A Flood Of Anti-Science Sentiment: What The ‘Ark Park’ Says About Kentucky

If Kentucky gains a reputation as a creationist stronghold, good jobs in fields like science, high tech and biomedicine may pass the state by.

If you’re a regular reader of “The Wall of Separation,” you know that we’ve written several posts on the so-called “Ark Park” planned for Grant County, Ky.

State officials have agreed to give more than $40 million in various forms of tax breaks and incentives to a group of Christian fundamentalist entrepreneurs who want to build a type of theme park centered around a replica of Noah’s Ark. Among the backers is Answers in Genesis, a prominent creationist ministry run by Ken Ham.

AU attorneys are looking into the matter. For various reasons, it has become increasingly difficult over the years to challenge the diversion of tax breaks and other forms of indirect aid to religion. But we will investigate the situation fully.

A more pressing question is often overlooked: Is this the type of image Kentucky wants to project to the world? The state is already home to a creationist museum, an attraction that has proved popular with fundamentalists but that has embarrassed science educators in the Bluegrass State.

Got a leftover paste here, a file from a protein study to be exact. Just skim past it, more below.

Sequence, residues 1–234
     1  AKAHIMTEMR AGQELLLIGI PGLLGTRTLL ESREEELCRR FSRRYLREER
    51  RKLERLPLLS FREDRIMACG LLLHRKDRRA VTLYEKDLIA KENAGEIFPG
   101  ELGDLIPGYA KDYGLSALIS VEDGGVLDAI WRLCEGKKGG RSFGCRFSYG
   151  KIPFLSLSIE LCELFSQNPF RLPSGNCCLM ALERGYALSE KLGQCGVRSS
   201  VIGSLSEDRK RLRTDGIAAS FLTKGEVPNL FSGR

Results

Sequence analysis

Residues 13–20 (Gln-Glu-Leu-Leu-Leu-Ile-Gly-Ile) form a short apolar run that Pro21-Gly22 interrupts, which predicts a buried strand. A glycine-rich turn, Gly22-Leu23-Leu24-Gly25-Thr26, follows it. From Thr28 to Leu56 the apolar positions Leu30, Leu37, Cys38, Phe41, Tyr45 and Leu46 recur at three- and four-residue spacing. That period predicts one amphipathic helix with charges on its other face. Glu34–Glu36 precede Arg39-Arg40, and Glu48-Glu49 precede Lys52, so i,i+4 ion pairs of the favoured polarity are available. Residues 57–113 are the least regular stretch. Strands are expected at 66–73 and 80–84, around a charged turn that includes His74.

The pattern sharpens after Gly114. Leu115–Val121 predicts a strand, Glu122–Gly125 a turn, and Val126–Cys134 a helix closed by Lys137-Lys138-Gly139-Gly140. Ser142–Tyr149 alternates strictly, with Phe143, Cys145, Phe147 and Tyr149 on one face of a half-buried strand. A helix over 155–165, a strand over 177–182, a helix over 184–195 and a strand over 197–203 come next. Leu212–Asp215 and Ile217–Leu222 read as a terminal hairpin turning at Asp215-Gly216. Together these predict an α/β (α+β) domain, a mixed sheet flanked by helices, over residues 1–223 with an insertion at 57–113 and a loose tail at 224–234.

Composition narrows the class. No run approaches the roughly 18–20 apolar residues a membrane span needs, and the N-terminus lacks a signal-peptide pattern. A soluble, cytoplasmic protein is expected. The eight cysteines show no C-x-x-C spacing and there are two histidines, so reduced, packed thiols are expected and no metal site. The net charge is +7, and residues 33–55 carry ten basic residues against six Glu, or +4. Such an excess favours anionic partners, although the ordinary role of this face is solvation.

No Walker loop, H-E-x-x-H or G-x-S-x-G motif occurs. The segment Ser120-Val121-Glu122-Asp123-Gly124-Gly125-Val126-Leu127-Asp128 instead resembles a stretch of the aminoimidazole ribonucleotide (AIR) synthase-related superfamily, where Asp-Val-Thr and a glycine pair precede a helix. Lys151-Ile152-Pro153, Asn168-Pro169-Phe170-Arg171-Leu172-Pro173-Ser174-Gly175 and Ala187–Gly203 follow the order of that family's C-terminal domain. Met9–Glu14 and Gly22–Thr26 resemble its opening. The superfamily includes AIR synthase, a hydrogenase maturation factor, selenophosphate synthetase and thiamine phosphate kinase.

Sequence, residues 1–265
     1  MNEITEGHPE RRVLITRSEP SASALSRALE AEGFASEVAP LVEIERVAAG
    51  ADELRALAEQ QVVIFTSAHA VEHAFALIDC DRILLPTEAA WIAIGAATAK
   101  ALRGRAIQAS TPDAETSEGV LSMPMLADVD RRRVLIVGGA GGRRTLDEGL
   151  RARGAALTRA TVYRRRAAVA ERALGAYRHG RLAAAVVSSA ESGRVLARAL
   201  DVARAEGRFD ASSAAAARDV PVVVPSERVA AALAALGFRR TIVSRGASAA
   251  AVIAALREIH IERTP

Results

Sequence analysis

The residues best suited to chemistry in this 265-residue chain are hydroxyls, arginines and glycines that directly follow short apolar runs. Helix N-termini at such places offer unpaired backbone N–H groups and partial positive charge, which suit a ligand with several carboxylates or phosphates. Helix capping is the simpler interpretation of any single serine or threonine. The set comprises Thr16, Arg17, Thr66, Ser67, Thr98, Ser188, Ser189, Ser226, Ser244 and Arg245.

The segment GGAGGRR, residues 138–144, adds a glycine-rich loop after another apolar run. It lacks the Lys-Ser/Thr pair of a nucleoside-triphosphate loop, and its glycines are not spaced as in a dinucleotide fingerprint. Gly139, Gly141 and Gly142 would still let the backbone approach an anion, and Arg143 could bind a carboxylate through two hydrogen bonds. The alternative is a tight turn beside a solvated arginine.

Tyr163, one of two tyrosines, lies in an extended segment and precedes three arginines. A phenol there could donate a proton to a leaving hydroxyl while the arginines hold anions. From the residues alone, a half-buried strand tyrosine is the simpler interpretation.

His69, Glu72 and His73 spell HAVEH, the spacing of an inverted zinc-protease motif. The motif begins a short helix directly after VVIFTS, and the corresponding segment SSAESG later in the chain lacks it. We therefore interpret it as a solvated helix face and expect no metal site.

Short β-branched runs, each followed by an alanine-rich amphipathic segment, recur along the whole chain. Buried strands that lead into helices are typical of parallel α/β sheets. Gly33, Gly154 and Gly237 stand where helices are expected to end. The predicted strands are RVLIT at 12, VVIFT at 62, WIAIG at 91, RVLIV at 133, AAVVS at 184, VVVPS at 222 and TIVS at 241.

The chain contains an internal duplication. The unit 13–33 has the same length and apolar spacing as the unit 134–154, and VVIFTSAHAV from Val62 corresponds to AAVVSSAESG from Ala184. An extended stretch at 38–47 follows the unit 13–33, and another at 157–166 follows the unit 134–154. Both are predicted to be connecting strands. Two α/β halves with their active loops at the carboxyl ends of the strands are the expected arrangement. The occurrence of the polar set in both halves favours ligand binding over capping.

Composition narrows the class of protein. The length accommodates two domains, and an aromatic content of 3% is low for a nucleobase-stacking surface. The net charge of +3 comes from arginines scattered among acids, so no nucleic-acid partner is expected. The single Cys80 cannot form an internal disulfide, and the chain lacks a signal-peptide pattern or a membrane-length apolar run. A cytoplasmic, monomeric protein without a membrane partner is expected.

Kentucky officials insist they’re just interested in bringing jobs to a hard-pressed area of the state. Fair enough. But those jobs (many of which will probably be seasonal and at minimum wage) may come at a high cost. If Kentucky gains a reputation as a creationist stronghold, much better jobs in fields like science, high tech and biomedicine may pass the state by.

Is this type of overtly religious attraction a good deal for the state? The New York Times is skeptical. In an editorial today, the newspaper observes, “[G]ranting tax incentives to the explicitly Christian enterprise clearly clashes with the First Amendment’s prohibition on government establishment of religion. Public money is not supposed to pay to advance religion. Kentucky’s citizens should certainly ask themselves if this is really the best use of taxpayer dollars.”

Indeed they should. Some people in Grant County may be so desperate for work that a job slinging hot dogs at a fundamentalist Six Flags sounds pretty good. They may come to regret it when the state gains a reputation as a scientifically illiterate backwater.